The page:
This built-in function ensures that only one account has a UID of “0” in
/etc/passwd. This is intended to be reserved for the “root” account but it is possible to add additional accounts with UID 0 that would have the same privileged access. This test succeeds if only one account has a UID of zero and fails otherwise.
A UID of “0” grants root privileges on the system. A root user can perform anything they want to on the system, which typically includes snooping the memory of other processes (or of the kernel), read and write any file on the system and so on. Because this account is so powerful, its use must be restrained to the bare minimum and it must be well protected.
Good administrative practices dictate that each UID be unique (hence the “U” in UID). Having two (or more) accounts with “root” privileges negates the accountability a system administrator may have towards the system. In addition, many systems restrict the direct login of root to the console only so that administrative use can be tracked. Typically, systems administrators have to first log in to their own account and use the su command to become root. An additional UID 0 account evades this restriction.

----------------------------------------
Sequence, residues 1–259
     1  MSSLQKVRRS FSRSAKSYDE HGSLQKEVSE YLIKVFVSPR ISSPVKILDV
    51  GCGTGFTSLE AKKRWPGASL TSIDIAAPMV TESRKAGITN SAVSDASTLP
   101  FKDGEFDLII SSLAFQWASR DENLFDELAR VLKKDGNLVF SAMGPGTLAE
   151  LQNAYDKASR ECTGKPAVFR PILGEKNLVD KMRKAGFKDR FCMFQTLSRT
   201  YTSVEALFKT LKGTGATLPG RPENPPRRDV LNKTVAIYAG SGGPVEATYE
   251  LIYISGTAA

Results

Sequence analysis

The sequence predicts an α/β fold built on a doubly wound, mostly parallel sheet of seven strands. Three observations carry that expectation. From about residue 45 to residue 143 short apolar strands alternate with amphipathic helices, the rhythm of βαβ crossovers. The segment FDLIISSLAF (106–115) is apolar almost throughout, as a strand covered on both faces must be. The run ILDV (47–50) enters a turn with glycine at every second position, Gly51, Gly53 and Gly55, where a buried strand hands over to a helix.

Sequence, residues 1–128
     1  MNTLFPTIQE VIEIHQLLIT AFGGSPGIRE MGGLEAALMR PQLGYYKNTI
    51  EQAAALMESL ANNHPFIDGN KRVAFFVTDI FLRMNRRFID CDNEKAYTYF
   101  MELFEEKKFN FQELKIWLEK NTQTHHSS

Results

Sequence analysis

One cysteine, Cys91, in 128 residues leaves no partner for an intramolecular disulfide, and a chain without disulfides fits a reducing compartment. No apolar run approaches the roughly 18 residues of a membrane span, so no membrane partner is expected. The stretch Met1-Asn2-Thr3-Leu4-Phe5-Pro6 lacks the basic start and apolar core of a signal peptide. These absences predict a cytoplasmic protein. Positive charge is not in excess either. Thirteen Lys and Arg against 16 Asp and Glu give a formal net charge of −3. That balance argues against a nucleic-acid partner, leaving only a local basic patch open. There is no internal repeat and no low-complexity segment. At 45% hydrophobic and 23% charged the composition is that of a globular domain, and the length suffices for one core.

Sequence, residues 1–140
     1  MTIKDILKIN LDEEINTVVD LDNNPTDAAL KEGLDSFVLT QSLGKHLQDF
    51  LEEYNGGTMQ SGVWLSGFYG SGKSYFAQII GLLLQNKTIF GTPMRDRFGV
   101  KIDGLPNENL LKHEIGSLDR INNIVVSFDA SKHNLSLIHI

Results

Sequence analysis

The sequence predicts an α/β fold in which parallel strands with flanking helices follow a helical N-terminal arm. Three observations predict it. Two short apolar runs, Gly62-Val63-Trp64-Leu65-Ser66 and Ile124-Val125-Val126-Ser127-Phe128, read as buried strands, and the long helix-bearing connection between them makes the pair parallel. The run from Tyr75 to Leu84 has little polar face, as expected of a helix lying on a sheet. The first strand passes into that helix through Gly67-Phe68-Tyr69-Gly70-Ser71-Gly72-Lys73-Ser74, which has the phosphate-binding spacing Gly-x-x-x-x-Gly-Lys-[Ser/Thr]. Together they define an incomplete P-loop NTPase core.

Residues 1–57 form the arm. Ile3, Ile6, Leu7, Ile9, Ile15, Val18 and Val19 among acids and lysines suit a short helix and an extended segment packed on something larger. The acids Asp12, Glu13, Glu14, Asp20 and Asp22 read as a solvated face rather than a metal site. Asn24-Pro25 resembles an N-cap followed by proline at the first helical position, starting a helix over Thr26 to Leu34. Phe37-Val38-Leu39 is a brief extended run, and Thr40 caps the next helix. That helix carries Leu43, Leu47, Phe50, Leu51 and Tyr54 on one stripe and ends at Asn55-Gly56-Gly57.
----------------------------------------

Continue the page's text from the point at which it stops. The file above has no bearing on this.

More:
If “root” access needs to be shared among users, use a tool like
calife instead (or RBAC on Solaris). There should only be one account with a UID of “0”.
description: "This check makes sure that only ONE account has a uid of 0."